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To Brigadier General John McA. Palmer
April 25, 1927 Tientsin, China
My dear General John:
Your check for $130.00 came some time ago, but I have been so busy with excursions and alarms and packing up, that I delayed unduly in acknowledging it. You were very thoughtful in sending the money in advance of the tragedy. For tragedy it seems to be. Our last transport group from here paid fines in several instances, up to $1000.00, and practically all paid heavy duties, one officer $2240.00 on what we thought was an ordinary outlay. Several have left their household goods on the docks because of insufficient funds. A one hundred percent inspection was made in New York, everything to the last dish and doily was unpacked,—and incidentally, much linen lost.1
If the situation does not cloud up again I sail May 10th. Otherwise, I will not leave until the trouble is over. Mrs. Marshall and her mother go in any event. We proceed overland from Frisco. They go to Virginia and I go direct to Washington where I will see you, if you have not left for the summer.
I am delighted to hear that you are properly launched again in the writing game, and under such pleasing conditions. I know you are happy and I’m sure you will soon be much in the public eye. I wish I could take the remaining dozen bottles of fine champagne reposing in our pantry, and celebrate this renewal of your literary career.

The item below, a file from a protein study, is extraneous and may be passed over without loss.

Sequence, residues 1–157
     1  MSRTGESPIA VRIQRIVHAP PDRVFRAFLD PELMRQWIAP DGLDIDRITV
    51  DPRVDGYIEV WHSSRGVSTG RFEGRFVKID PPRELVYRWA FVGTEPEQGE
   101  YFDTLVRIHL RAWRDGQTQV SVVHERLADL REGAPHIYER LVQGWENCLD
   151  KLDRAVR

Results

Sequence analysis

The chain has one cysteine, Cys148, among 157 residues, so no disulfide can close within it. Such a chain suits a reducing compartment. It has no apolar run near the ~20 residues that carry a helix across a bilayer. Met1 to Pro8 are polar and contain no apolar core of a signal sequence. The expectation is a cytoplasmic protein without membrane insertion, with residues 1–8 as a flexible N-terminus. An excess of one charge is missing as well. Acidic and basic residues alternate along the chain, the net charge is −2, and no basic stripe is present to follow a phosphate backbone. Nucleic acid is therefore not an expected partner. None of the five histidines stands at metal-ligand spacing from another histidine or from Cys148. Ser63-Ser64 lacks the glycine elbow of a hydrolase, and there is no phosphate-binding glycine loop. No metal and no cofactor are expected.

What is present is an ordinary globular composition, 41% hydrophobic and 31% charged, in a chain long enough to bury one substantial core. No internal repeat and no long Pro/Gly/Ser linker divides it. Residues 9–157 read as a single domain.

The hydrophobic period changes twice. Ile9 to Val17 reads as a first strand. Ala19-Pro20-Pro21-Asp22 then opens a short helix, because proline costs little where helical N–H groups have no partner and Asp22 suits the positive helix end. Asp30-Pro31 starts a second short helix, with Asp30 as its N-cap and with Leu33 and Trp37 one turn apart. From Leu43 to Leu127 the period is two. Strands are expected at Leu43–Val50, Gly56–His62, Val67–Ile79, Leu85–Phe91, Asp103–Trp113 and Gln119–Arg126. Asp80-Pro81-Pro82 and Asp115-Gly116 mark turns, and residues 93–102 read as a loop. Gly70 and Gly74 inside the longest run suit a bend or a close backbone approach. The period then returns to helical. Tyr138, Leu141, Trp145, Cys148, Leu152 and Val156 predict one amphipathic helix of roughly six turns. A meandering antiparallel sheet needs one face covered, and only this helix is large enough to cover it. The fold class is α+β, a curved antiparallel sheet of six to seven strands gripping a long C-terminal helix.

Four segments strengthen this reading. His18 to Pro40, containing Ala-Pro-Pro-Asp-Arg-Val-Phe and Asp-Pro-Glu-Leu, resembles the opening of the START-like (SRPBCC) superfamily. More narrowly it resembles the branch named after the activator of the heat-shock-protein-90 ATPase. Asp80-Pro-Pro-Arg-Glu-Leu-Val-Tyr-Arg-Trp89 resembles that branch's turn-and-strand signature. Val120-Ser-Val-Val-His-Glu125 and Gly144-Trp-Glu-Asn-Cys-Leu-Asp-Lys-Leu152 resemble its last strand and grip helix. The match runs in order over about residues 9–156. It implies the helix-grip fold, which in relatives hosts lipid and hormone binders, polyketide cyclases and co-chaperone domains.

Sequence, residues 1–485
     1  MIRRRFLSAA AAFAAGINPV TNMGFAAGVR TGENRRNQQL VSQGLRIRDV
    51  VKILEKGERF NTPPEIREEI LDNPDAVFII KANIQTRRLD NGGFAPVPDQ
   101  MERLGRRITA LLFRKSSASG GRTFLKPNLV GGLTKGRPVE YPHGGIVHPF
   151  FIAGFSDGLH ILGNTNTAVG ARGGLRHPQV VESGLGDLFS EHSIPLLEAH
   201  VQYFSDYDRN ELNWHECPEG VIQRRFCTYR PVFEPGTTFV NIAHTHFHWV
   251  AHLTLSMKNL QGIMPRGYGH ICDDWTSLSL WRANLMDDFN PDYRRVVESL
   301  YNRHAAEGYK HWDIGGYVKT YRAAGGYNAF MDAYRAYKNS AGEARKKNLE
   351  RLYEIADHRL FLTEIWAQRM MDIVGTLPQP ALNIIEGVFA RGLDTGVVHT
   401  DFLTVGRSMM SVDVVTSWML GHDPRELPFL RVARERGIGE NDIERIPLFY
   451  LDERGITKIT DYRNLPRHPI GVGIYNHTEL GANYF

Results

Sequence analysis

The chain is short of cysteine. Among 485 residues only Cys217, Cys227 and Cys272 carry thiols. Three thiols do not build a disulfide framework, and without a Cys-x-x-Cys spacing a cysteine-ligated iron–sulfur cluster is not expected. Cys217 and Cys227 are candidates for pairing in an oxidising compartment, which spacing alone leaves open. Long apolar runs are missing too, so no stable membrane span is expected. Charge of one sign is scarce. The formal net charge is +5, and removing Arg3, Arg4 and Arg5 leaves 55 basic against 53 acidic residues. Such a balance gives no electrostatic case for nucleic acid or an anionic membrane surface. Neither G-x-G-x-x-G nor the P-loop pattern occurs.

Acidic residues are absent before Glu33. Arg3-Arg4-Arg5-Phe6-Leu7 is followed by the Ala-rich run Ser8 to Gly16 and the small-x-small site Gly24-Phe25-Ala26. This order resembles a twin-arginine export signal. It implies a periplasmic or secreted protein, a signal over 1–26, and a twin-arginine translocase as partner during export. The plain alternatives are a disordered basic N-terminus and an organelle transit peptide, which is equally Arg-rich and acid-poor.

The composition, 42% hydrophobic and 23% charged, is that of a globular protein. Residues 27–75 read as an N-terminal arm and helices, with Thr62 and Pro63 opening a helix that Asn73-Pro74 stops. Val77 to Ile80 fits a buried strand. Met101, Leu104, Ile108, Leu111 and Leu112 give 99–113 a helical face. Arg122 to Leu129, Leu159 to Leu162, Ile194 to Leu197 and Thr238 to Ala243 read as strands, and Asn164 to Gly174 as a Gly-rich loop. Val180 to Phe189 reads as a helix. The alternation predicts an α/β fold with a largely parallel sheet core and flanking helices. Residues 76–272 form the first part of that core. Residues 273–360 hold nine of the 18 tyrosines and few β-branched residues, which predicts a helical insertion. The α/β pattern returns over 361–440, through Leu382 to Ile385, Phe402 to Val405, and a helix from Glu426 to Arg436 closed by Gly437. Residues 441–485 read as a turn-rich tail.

With affectionate regards,
Document Copy Text Source: John McA. Palmer Papers, Library of Congress, Washington, D.C.
Document Format: Typed letter signed.
1. Palmer had sent Marshall $300 the previous autumn to purchase some Chinese rugs. Marshall replied that he had the merchandise. “As to bringing the rugs in. There I am afraid I must fail you, so far as custom charges go. I have to make a military certificate here regarding my freight that every thing has been purchased over a year before my departure and that it is for me. In San Francisco I have to certify or make an affidavit, that my declaration covers no articles intended as gifts or for others. All the foregoing was brought about by the `in-law’ of a Navy fellow who for a time managed a thriving business by purchasing nice things out here and shipping them by government transport to Manila and San Francisco for sale. So, in order to protect us against having our household freight unboxed in Frisco, these certificates were ordered.” (Marshall to Palmer, November 16, 1926, LC/J. McA. Palmer Papers.)
Recommended Citation: The Papers of George Catlett Marshall, ed. Larry I. Bland and Sharon Ritenour Stevens (Lexington, Va.: The George C. Marshall Foundation, 1981- ). Electronic version based on The Papers of George Catlett Marshall, vol. 1, “The Soldierly Spirit,” December 1880-June 1939 (Baltimore and London: The Johns Hopkins University Press, 1981), pp. 304-305.